Senior Writer, ESPN
Seth Wickersham is a senior writer at ESPN whose primary focus is long form enterprise and investigative work on the National Football League. His stories have appeared across ESPN platforms, including the Emmy-award winning programs E60 and Outside the Lines.
In more than two decades at ESPN, he has profiled the likes of Tom Brady, Peyton Manning, Bill Belichick, John Elway, Sean McVay, Andrew Luck, Odell Beckham, Jr., Bill Walsh, Jim Harbaugh, and Y.A. Tittle, among others, and he has written deep dives into strained relationships within the Cleveland Browns, Seattle Seahawks and the New England Patriots. Along with senior writer Don Van Natta, Wickersham has written critically acclaimed investigations on the NFL’s handling of the Spygate and Deflategate cheating controversies, the Rams and Raiders franchise relocations, the behind-closed-doors meetings on the inequality protests, the efforts by Jerry Jones to block Roger Goodell’s contract extension, the complicated tenure of NFLPA executive director DeMaurice Smith, the efforts of Donald Trump to interfere with Senator Arlen Specter’s Spygate inquiry, and of Dan Snyder’s attempts to avoid being removed as owner of the Washington Commanders.
Outside of the NFL, Wickersham has written about Alex Honnold, Gregg Popovich, race horse euthanasia, the plight of a fired college basketball coach, suicidal Kenyan runners in Alaska, and NCAA compliance officers. He also once suffered the laborious task of traveling to London to interview legendary Queen guitarist Brian May about “We Will Rock You,” the most-played stadium anthem ever.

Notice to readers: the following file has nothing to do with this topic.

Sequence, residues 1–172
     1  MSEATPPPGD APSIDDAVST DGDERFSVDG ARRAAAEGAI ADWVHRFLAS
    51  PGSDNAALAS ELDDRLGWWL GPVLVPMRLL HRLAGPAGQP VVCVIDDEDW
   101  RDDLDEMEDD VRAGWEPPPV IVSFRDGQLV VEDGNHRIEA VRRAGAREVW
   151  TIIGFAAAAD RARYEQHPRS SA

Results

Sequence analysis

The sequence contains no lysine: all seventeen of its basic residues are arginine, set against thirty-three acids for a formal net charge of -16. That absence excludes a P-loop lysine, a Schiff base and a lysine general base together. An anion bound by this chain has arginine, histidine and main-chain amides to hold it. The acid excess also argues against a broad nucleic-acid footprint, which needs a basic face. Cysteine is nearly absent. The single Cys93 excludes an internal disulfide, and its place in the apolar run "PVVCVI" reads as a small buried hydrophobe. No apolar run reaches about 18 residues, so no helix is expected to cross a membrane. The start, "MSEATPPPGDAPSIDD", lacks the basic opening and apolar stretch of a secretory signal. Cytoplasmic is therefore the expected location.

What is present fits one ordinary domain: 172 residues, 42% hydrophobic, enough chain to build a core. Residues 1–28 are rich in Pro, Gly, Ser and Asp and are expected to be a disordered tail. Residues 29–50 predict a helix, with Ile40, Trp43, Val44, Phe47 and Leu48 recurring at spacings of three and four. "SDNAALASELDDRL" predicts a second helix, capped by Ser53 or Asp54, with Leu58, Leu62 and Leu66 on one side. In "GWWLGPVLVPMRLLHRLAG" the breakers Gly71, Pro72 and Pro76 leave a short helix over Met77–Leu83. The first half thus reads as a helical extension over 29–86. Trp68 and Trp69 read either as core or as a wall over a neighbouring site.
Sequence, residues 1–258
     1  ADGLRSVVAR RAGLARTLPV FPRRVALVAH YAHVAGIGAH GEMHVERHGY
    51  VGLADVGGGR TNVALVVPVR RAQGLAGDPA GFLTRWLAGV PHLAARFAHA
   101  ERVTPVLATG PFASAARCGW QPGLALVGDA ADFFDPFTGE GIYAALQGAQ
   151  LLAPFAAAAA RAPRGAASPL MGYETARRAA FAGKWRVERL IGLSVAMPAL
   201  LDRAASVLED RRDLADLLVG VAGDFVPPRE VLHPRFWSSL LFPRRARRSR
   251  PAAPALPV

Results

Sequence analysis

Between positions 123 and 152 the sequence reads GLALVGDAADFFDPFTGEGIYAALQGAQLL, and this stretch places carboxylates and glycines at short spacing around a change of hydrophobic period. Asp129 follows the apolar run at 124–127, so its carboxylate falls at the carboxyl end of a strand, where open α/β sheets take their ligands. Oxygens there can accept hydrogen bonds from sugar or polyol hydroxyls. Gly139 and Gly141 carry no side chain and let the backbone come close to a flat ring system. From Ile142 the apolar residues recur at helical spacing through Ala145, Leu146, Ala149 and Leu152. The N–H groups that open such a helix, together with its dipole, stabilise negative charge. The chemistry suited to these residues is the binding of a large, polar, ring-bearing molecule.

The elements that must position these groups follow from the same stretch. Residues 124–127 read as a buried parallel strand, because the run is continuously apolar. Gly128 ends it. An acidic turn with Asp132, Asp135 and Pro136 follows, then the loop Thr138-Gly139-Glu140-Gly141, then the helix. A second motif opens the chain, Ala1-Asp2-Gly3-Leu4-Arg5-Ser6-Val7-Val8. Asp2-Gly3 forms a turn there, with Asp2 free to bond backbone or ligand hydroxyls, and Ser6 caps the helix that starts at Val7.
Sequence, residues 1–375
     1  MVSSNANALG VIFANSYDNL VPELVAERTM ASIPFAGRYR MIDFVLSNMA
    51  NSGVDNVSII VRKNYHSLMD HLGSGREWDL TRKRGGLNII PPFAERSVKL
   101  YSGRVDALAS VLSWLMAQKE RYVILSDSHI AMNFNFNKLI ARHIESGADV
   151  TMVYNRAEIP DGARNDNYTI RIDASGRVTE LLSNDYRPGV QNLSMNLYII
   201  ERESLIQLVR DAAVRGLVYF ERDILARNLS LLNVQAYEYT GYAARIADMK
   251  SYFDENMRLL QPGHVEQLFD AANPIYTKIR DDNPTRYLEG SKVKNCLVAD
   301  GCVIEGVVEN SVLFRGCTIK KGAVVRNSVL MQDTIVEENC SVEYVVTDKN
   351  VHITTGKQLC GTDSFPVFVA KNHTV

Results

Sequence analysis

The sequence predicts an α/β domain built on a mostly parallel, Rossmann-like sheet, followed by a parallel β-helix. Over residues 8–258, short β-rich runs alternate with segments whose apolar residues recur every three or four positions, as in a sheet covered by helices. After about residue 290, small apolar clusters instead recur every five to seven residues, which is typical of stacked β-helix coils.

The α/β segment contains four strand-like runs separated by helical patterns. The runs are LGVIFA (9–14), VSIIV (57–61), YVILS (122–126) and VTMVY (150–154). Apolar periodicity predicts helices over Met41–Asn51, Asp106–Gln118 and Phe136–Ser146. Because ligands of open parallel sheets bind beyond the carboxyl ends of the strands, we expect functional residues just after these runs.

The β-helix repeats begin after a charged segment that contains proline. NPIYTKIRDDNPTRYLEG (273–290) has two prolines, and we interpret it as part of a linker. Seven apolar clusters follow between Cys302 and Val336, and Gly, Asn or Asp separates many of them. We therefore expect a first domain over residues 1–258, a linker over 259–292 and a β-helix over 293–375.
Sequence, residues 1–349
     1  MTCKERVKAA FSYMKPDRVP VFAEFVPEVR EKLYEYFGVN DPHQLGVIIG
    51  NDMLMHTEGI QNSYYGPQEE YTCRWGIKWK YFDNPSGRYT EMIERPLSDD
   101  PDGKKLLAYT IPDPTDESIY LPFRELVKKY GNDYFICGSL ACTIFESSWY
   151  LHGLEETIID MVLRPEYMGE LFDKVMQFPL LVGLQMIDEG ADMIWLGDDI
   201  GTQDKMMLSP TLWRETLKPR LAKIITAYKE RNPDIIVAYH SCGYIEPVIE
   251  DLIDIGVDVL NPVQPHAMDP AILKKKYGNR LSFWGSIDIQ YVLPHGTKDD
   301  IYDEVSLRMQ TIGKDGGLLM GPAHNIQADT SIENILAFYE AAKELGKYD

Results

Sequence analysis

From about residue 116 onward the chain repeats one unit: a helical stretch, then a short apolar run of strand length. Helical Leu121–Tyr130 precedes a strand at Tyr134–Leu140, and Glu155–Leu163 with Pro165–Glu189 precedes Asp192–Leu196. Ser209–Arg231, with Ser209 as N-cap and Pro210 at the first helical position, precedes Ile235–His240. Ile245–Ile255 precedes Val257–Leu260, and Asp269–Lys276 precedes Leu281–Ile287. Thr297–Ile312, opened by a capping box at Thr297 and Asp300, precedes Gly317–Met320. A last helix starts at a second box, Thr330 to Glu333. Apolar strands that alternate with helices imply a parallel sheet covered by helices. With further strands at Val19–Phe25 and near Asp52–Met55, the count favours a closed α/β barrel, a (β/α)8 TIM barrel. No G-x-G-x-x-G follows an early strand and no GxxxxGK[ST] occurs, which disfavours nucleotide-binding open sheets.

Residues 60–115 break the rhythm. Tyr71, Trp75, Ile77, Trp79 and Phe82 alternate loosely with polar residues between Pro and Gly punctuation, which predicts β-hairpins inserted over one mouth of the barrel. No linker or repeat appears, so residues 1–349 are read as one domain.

In 2018, Wickersham was a finalist for the National Magazine Award for Reporting, and has been part of a staff that has three times won the NMA for General Excellence. His stories have been anthologized in the Best American Magazine Writing, the Best American Sports Writing, Next Wave: America’s New Generation of Great Literary Journalists, and in Words Matter: Writing to Make a Difference. He has won awards from the National Association of Black Journalists and the Pro Football Writers Association. In 2015, he won a Folio Award for Best Single Story – Sports, and received a second-place National Headliner Award in Magazine Feature Writing.
In the fall of 2021, Wickersham’s book It’s Better to Be Feared: The New England Patriots Dynasty and the Pursuit of Greatness was released. It was a New York Times bestseller and was named Nonfiction Book of the Year by Sports Illustrated and Sports Book of the Year by the National Sports Media Association.
He is credited as playing himself in the 2014 movie Draft Day, though he regrets to inform that the scene was cut before it was shot.
Wickersham was born in Denver and raised in Boulder and in Anchorage, Alaska. He attended the Missouri School of Journalism, where he and ESPN writer Wright Thompson covered Super Bowl XXXIV for the Columbia Missourian. He was hired at ESPN The Magazine shortly after graduation in 2000. He lives in Connecticut with his wife and two children.